What do you know about the musical terminology used in Sri Guru Granth Sahib Ji?
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Through the letters, comes the Naam; through the letters, You are Praised.
Through the letters, comes spiritual wisdom, singing the Songs of Your Glory.
Through the letters, come the written and spoken words and hymns…” (Ang 4)
The Sikh Gurus wrote Shabads in poetical-metric forms. They were then associated with various Raags and Ghars and many other terms such as Partaal, Sudhang, Rahaaou, Pauree, Vaar, Ikpadaa, Dupadaa, Tipadaa, Chaarpade, Ashatpadee, Chhand, Ghorian and Alahunian of folk music, types of Kirtan music, Gaathaa, Funhe, Chaubole, Savayyas, Karhale, Solahe, Mahalaa, Pattee, and so on. This Gurbani Reflection will attempt to have a brief discussion of these.
Raag â€” combination of a set pattern of notes â€” is a condition of melody, which literally means to color or to please. Sri Guru Granth Sahib (SGGS) is arranged in chapters that bear names of musical Raags, according to the nature of the composition, the musical clef (Ghar), etc. Each of the Raags is unique. From a music standpoint, specifically the Baanee of the SGGS is arranged and indexed according to the prescribed Raags, singing forms, music signs/ headings and the other guidelines noted in the Baanee. Popularly known as Gurmat Sangeet, such system of Gur-Shabd Kirtan instituted by the Sikh Gurus (initially established by Baba Nanak) is a unique musical tradition indeed, which creates original and specific musicology. The Gurus made the Kirtan an inseparable part of the Sikh way of life. The mixture of both the Shabad and the Raags compliment each other in that the Raag conveys a feeling and the Shabad a message. Thus combined together both produce very potent effect and impact on the human mind and heart, invoking spiritual sentiment, concentration, discipline, longing and love for God, etc. Thus the aim of the Kirtan is to experience the inner joy (Bliss) and Sahaj (one’s natural state of Being). Therefore, the Kirtan is mentioned in the SGGS to be “the support of life”, “remedy against evil”, “source of virtues”, “invaluable gem”, “ocean of bliss”, “divine nectar”, “bestower of salvation”, and so on. Sri Guru Arjan Dev Jee (who first compiled and installed the Aadi Granth at the Harmandir Sahib, was very fond of the Kirtan and the music) initiated the system of music sessions (Chowkies) at the Harmandir Sahib.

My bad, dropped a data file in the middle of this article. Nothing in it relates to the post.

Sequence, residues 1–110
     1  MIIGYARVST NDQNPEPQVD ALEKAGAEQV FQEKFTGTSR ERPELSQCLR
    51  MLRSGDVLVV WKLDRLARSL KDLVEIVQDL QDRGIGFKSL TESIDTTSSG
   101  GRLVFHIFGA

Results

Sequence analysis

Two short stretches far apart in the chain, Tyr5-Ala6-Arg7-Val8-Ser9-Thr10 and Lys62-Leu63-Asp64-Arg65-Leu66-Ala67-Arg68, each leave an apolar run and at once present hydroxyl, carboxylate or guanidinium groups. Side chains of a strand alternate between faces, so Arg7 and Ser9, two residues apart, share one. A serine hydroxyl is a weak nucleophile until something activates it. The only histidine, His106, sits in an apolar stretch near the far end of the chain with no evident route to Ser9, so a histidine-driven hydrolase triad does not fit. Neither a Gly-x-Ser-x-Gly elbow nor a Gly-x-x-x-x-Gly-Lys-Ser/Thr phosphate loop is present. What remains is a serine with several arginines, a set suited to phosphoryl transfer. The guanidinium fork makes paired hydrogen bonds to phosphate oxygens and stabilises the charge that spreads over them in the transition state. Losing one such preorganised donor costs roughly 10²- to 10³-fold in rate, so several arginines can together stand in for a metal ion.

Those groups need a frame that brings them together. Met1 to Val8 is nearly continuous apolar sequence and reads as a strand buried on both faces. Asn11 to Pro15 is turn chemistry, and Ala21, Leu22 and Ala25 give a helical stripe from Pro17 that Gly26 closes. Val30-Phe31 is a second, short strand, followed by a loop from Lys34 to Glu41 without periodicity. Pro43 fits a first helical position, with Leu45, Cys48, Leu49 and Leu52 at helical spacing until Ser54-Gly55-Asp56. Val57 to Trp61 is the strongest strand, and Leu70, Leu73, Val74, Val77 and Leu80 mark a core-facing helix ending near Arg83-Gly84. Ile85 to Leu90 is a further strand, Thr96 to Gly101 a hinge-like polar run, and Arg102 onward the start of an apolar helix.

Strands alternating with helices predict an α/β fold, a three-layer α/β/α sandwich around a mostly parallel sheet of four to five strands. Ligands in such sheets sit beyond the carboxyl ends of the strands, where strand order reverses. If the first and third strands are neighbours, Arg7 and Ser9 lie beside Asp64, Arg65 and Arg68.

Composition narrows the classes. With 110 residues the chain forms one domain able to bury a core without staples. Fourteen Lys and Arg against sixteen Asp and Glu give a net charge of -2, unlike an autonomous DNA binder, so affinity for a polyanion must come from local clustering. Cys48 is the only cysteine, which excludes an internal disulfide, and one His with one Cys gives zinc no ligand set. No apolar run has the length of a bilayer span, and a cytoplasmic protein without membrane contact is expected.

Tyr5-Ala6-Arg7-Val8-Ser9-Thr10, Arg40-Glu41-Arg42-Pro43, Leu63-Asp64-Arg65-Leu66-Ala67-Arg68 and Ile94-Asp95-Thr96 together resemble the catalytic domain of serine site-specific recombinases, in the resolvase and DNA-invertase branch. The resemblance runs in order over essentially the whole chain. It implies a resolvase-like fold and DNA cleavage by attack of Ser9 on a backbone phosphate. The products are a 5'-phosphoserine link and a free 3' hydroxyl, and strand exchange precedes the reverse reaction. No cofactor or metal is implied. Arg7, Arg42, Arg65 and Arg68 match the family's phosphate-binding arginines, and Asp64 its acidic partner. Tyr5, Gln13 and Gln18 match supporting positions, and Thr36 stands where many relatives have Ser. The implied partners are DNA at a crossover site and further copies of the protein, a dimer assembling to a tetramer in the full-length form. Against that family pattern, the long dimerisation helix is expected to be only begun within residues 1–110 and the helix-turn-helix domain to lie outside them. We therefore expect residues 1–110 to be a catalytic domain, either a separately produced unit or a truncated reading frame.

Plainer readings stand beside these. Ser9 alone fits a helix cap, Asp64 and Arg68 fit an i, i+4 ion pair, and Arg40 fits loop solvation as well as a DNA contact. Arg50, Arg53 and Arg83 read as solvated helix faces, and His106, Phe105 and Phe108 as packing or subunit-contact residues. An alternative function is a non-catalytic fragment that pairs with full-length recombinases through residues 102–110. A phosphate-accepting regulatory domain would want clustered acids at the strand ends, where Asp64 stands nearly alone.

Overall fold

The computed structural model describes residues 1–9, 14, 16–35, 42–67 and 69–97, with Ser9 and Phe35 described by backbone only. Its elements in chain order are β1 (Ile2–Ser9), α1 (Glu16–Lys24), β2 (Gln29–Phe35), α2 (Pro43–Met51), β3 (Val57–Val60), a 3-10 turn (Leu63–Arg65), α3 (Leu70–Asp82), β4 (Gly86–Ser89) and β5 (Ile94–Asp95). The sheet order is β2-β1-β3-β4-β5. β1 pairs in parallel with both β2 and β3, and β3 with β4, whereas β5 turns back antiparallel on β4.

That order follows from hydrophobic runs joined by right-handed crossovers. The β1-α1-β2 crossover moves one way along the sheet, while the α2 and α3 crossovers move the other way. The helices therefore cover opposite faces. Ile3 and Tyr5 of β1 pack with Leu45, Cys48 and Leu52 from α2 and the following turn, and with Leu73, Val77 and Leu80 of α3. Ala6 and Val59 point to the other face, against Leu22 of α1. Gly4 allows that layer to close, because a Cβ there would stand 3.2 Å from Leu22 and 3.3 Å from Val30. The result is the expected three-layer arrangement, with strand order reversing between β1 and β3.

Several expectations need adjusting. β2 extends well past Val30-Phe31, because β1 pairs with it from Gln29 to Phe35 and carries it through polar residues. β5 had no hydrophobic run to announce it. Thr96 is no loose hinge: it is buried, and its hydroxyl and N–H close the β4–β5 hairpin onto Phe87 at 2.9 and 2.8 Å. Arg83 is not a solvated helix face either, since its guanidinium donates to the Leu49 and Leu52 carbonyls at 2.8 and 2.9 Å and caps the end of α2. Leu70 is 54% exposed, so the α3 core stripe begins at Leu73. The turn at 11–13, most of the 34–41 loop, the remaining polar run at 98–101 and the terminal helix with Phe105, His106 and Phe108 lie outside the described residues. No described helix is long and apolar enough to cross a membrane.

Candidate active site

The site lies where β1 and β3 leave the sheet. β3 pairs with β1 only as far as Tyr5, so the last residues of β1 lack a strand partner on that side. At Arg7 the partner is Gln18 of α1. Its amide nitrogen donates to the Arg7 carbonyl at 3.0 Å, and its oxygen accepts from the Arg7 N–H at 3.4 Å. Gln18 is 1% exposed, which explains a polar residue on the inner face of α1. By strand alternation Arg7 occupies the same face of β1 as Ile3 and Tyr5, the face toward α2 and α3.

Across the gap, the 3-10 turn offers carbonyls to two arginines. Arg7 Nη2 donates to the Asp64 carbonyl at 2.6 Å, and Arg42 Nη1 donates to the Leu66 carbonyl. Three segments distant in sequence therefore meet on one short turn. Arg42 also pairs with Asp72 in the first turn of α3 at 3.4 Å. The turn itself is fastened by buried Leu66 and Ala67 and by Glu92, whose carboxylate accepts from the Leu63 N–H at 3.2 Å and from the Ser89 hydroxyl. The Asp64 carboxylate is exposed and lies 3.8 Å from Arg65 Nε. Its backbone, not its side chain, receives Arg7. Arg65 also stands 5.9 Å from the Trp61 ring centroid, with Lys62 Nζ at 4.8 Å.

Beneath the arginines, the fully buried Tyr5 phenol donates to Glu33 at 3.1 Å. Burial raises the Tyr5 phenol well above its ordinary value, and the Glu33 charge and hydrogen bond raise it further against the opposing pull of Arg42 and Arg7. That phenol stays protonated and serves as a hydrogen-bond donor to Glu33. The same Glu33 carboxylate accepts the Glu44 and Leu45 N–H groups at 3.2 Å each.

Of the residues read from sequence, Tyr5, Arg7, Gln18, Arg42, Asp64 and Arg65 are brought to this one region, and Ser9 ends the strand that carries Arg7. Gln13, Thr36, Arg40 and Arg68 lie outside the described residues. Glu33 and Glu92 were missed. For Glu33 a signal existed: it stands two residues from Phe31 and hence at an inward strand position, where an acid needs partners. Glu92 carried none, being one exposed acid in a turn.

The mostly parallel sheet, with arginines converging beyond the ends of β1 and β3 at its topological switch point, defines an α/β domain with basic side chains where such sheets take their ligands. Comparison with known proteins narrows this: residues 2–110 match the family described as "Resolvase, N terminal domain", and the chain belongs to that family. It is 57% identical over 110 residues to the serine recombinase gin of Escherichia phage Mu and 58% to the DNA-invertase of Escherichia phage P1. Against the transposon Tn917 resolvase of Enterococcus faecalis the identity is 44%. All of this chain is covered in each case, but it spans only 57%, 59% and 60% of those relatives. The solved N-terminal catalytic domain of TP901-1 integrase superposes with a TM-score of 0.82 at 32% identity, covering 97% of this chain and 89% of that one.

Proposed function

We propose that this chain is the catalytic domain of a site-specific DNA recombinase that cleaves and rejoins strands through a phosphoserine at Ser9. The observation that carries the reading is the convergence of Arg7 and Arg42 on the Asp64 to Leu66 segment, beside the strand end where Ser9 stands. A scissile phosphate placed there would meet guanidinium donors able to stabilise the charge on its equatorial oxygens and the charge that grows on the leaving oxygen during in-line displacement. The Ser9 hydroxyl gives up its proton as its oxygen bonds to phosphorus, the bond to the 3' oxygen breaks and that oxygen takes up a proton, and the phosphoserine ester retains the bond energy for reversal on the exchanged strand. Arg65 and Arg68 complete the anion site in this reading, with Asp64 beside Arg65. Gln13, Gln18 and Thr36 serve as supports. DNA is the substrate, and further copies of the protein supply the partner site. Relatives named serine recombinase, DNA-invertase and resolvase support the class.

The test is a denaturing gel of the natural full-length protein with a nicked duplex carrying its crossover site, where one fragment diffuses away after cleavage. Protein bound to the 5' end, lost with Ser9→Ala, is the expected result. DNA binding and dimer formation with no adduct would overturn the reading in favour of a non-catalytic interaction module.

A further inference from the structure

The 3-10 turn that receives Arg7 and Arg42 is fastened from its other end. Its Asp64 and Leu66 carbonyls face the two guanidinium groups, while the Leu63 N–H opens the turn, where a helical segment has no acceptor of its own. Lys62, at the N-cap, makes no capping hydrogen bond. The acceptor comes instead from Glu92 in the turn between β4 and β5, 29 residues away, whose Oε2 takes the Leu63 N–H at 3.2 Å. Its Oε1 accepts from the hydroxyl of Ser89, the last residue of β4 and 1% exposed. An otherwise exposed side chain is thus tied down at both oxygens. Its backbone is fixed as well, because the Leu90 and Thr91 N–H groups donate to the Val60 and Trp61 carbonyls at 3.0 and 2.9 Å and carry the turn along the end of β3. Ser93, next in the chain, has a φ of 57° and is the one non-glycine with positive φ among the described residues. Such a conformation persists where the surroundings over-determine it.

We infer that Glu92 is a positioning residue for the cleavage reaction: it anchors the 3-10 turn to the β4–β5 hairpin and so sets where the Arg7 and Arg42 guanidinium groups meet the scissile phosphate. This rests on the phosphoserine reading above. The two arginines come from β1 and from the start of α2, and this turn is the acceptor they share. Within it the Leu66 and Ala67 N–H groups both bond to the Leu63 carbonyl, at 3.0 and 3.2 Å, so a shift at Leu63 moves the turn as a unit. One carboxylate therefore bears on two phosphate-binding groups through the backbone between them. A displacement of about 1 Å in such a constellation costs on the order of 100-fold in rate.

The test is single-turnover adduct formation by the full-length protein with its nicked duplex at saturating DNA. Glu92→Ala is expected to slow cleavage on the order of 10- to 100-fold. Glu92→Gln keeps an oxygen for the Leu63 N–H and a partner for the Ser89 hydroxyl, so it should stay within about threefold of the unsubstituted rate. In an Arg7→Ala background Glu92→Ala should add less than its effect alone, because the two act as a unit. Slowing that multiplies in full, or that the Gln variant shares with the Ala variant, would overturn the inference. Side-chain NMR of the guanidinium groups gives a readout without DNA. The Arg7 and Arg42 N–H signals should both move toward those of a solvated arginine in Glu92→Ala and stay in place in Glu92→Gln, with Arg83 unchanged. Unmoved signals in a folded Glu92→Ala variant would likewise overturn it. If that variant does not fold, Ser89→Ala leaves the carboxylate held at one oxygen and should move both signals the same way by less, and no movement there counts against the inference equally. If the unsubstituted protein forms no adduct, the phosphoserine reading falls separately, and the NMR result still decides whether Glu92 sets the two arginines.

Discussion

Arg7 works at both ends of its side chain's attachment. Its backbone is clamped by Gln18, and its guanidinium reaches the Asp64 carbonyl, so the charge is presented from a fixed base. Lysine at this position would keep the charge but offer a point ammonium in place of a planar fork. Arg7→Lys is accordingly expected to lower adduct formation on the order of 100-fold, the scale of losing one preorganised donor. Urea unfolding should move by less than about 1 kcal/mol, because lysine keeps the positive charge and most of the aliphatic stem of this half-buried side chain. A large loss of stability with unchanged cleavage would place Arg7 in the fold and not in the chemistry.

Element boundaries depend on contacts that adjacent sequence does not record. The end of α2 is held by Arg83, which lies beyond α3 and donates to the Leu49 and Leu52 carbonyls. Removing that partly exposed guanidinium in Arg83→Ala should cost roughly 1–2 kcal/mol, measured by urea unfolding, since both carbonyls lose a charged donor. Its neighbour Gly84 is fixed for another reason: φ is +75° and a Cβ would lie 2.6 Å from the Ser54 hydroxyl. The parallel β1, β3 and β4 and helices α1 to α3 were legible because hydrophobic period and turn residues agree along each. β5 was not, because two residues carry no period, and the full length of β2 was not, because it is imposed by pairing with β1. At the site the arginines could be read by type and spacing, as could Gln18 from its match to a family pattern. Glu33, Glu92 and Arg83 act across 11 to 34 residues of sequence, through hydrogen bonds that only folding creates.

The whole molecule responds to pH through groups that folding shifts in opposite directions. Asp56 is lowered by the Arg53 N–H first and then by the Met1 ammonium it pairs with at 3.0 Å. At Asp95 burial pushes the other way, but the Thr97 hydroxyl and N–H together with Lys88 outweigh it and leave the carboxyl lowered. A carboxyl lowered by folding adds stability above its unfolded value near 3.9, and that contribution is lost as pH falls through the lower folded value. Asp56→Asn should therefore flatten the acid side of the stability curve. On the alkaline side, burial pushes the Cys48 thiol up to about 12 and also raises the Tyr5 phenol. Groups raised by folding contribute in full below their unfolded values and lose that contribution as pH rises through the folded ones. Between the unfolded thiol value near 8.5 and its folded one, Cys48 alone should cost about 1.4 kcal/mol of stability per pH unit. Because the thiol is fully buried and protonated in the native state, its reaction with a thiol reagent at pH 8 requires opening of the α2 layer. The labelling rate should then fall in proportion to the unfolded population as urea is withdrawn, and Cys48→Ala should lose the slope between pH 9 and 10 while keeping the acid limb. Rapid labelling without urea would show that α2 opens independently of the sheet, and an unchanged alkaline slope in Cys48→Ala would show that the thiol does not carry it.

The entire Baanee of the SGGS has been classified under 31 main Raags. They are as follows: Sri, Maanjh, Gauree, Aasaa, Gujree, Devghandhaaree, Bihaagraa, Wadhans, Sorath, Dhanaasree, Jaitsree, Todee, Bairaaree, Tilang, Suhee, Bilaawal, Gaund, Raamkalee, Nat Naaraayan, Maalee Gauraa, Maaroo, Tukhaaree, Kedaaraa, Bhairav, Basant, Saarang, Malhaar, Kaanraa, Kalyaan, Parbhaatee, and Jaijawantee.
Besides these 31 main Raags, there are also variants of Raags such as Gauree Guaareree, Gauree Dakhanee, Gauree Chetee, Gauree Deepkee, Gauree Poobee, Gauree Maanjh, Gauree Poobee Deeplee, Gauree Sulakhanee, Gauree Maalvaas, Gauree Maalaa, Gauree Bairaagan, Gauree Sorath, Wadhans Dakhanee, Tilang Kaafee, Suhee Kaafee, Suhee Lalit, Bilaaval Dakhanee, Bilaaval Gaund, Bilaaval Mangal, Raamkalee Dakhanee, Maroo Kafee, Maaroo Dakhanee, Basant Hindol, Kalyaan Bhoopaalee, Praabhaatee Dakhanee, and Praabhaatee Bibhaas.